Mapping the Interior
by Stephen Graham Jones
REVIEW BY MEREDITH MCKINNIE
“And that’s how I recognized him that first night, crossing from the living room through the kitchen. His boots, his bustle. His fancydancer outline. In death, he had become what he never could in life.”
Junior is the man of his house. His father has died years before, his little brother is suffering from some seizures not yet linked to any discernible cause, and his mother works so much to care for them that her presence is sporadic. Junior is not only the oldest living male, but he is the closest thing to an adult with a consistent presence. Though his family doesn’t own this modular home far removed from Indian country where he was raised, he still sees himself as its owner, a 12-year-old boy wearing the weight of adulthood long before being an adult. Poverty forces kids to grow up fast.
Jones’ novella is an exploration into identity, cultural awareness, manhood, parental absence, and undergirding it all, the confines of poverty. Junior feels a presence in the home, a feathered, decorated Native American presence, a ghost reminiscent of the ancestors of his father, a man he barely knew. It is tempting to glorify the dead, to espouse all the praise undeserved when they were drawing breath. But it is untoward to vilify the no-longer-living. Junior idolizes his father in his absence. He fantasizes that his father’s death is the cause of the family’s financial and emotional hardship, that if only he were still around, that things would be different. Such are his thoughts when this phantom graces the household, lingers around his brother Dino, and commands attention. Junior, still a boy, protects this secret, this knowing of the undead’s presence, this desire to connect with his long-lost father causes him to summon the spirit, to crave the undead’s return.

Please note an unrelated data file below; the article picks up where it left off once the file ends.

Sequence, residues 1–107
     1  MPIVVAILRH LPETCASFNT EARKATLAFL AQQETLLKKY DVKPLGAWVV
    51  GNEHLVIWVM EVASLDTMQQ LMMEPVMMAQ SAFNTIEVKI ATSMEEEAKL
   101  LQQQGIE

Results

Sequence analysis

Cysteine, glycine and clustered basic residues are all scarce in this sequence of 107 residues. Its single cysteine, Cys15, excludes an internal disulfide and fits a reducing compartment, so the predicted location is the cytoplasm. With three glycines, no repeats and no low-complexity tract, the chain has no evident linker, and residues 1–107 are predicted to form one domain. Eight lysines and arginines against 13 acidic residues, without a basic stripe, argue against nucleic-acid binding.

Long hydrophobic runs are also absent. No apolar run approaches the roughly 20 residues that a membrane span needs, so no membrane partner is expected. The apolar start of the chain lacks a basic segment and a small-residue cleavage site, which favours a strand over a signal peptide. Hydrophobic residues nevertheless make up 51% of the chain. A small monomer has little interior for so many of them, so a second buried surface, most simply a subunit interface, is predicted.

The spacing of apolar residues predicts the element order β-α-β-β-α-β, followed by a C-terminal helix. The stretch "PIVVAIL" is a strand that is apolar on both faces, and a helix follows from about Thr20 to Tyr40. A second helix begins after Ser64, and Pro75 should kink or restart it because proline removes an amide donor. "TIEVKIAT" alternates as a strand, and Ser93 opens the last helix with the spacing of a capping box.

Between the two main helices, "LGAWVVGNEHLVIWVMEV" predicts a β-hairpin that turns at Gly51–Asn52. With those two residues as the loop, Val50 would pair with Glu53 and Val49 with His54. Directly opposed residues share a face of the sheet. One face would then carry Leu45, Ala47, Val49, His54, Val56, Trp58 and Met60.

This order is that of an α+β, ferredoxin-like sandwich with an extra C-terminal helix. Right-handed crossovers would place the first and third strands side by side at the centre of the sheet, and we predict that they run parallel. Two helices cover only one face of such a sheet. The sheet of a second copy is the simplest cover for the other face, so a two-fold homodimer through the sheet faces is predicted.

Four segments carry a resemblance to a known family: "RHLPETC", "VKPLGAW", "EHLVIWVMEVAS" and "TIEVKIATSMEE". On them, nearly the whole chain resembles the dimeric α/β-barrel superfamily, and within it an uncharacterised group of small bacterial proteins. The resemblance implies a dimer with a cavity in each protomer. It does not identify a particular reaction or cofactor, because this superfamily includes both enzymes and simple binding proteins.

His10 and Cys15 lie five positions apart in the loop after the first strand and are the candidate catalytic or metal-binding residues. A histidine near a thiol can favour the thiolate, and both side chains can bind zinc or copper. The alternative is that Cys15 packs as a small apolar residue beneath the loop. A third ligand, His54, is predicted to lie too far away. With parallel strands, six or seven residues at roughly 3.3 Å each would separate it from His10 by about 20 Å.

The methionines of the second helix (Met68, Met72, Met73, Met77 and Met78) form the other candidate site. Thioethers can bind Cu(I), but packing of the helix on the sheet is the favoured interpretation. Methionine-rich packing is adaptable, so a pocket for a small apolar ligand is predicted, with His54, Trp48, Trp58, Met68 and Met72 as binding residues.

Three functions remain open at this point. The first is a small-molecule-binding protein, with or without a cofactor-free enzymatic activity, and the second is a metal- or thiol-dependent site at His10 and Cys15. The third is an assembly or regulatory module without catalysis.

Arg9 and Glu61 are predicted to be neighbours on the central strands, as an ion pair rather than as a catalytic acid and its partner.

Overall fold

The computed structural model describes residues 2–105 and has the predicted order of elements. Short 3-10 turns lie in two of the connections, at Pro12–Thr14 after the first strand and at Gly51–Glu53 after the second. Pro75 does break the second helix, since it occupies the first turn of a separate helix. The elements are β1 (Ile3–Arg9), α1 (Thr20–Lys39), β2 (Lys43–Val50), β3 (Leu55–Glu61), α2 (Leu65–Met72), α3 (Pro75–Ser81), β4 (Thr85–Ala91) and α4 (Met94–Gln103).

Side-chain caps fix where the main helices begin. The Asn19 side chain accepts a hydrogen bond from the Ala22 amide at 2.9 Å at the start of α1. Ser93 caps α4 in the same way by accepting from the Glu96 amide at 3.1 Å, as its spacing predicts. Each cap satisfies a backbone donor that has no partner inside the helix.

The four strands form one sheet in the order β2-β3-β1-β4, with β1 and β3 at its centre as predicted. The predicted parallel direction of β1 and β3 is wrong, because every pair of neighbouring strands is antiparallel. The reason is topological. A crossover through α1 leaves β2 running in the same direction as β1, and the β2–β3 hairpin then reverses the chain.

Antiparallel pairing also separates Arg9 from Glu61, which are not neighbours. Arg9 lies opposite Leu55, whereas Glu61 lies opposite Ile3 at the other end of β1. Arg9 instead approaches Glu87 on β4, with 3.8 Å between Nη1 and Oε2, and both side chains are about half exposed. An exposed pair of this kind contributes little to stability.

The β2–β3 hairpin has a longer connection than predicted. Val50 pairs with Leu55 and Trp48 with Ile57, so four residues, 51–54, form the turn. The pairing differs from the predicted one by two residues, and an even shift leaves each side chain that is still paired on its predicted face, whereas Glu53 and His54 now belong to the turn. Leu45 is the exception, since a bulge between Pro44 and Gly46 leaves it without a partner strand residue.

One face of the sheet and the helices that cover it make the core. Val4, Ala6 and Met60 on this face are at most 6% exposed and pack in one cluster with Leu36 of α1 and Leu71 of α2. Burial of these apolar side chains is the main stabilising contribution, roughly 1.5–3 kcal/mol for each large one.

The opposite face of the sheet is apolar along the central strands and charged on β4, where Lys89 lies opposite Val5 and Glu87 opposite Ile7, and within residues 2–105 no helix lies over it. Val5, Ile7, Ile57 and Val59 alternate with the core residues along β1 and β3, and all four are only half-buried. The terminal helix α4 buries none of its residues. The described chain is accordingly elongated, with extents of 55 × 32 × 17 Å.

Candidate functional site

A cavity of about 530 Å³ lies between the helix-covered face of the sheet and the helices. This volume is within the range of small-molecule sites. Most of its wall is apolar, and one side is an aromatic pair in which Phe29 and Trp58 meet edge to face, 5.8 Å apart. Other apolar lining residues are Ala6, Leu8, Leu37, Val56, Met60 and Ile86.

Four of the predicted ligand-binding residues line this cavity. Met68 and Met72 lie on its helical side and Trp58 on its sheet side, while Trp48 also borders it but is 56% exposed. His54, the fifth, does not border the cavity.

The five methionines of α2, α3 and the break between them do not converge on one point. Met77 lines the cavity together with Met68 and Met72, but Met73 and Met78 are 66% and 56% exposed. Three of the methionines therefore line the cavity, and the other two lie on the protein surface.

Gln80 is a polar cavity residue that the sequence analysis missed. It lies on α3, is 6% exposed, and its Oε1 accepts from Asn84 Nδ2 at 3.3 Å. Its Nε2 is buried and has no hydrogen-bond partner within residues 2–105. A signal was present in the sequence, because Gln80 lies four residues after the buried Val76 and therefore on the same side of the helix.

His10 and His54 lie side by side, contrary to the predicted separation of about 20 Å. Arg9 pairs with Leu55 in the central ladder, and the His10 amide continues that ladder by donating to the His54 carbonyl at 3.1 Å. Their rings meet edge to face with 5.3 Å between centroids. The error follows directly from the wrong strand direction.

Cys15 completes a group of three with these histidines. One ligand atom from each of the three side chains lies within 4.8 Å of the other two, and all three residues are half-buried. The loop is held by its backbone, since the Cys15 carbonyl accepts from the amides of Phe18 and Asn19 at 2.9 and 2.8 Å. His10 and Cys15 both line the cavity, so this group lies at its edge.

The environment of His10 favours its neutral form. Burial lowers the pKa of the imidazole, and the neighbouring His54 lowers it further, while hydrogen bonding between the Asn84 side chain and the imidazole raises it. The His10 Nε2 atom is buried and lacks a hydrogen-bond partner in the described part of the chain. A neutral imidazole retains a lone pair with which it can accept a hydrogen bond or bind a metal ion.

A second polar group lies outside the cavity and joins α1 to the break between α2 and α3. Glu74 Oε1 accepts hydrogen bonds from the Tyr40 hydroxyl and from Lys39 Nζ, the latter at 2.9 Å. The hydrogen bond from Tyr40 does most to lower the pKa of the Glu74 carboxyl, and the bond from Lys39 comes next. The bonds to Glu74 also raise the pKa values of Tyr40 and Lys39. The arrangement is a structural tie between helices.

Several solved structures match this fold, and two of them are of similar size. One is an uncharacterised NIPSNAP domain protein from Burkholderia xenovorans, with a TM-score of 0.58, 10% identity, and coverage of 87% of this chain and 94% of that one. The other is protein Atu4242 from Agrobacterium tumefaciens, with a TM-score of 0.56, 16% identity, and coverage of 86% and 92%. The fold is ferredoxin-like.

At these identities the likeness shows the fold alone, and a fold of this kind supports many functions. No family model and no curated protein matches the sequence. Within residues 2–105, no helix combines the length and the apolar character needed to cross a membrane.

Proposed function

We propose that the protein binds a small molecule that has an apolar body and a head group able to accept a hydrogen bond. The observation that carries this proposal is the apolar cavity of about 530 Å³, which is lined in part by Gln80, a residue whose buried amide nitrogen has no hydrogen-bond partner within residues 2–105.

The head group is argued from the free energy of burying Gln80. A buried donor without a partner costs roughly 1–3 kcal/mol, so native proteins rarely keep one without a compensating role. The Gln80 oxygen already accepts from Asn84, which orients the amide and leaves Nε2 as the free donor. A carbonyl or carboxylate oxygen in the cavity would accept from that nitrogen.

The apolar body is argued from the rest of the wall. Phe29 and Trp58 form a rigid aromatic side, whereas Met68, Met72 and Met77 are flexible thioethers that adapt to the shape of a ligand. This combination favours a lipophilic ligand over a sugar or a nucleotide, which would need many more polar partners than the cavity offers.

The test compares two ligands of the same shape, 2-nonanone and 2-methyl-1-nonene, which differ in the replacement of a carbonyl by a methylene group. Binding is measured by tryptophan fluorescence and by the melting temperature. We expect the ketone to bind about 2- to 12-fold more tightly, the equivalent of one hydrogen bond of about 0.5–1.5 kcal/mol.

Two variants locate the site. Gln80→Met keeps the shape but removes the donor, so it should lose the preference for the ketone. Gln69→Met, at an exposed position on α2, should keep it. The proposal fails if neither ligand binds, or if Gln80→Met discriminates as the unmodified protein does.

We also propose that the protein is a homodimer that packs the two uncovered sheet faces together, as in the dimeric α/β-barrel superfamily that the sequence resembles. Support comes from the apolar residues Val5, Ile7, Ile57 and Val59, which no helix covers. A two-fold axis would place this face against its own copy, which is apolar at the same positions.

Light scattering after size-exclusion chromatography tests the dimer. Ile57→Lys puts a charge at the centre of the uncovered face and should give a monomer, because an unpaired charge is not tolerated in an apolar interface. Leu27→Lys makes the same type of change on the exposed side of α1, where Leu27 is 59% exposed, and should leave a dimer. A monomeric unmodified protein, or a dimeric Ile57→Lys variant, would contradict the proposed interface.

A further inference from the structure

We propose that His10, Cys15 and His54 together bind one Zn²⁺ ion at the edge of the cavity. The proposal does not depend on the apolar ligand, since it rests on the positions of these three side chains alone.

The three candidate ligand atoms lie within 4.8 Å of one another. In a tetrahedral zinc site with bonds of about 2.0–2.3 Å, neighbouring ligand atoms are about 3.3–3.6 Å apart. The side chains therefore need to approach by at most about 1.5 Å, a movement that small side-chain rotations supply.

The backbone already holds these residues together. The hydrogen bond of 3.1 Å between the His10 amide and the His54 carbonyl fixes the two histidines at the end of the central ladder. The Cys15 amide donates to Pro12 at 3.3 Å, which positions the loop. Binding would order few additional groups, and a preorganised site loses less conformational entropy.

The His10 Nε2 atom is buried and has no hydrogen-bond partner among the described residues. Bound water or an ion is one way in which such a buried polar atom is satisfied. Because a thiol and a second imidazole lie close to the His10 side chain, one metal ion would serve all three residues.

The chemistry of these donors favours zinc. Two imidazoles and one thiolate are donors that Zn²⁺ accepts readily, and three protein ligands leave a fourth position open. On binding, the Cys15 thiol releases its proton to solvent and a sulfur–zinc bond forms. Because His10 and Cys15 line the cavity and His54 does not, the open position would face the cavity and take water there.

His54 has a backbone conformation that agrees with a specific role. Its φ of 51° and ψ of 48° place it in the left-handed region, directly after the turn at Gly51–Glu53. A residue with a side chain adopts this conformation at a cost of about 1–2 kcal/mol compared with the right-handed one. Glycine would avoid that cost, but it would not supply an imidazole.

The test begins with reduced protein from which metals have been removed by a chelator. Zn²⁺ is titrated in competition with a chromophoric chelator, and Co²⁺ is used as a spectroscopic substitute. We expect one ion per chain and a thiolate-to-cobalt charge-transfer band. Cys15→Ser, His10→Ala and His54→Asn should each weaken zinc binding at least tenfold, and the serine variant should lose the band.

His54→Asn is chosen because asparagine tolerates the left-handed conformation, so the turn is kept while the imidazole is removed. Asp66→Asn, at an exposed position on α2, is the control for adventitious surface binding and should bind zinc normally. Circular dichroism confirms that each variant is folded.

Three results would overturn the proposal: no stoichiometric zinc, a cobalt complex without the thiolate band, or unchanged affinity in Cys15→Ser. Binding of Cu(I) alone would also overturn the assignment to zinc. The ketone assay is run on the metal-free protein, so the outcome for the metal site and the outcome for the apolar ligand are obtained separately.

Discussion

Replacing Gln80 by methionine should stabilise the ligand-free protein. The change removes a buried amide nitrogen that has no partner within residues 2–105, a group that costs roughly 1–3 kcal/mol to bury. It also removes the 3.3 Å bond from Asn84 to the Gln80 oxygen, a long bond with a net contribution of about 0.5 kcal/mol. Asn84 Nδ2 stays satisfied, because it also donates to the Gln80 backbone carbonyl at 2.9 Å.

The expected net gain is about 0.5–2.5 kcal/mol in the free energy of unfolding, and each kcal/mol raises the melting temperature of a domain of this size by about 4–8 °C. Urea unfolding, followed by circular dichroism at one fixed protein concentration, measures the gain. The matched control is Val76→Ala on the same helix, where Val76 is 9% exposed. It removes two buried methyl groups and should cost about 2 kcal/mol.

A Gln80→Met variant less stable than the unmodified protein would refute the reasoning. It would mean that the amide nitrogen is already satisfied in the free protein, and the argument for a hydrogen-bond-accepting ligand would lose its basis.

Blackfoot author Jones navigates this exploration of Native American heritage through the fascination with the spirit world, through his character’s desire for connection with his past, his origin, and a longing for an example of who he should become. This horror story is not as scary as it is revealing, a portrayal of history and cultural identity and the loss of personhood on native soil, an experience of living hard while consistently looking backward for how to live better. This coming-of-age indigenous tale of an Indian boy becoming a man and viewing his life through the lens of his childhood resonates as we all owe who we are to where we come from. No matter how far we run, how much we resist, the past is inevitably present in some form…albeit a ghost, a memory, or a chance to live it all again.
“There’s a real you squirming down inside you, trying all through the day to pull up to the surface, look out. But it can only get that done when your defenses are down. When you’re sleeping.”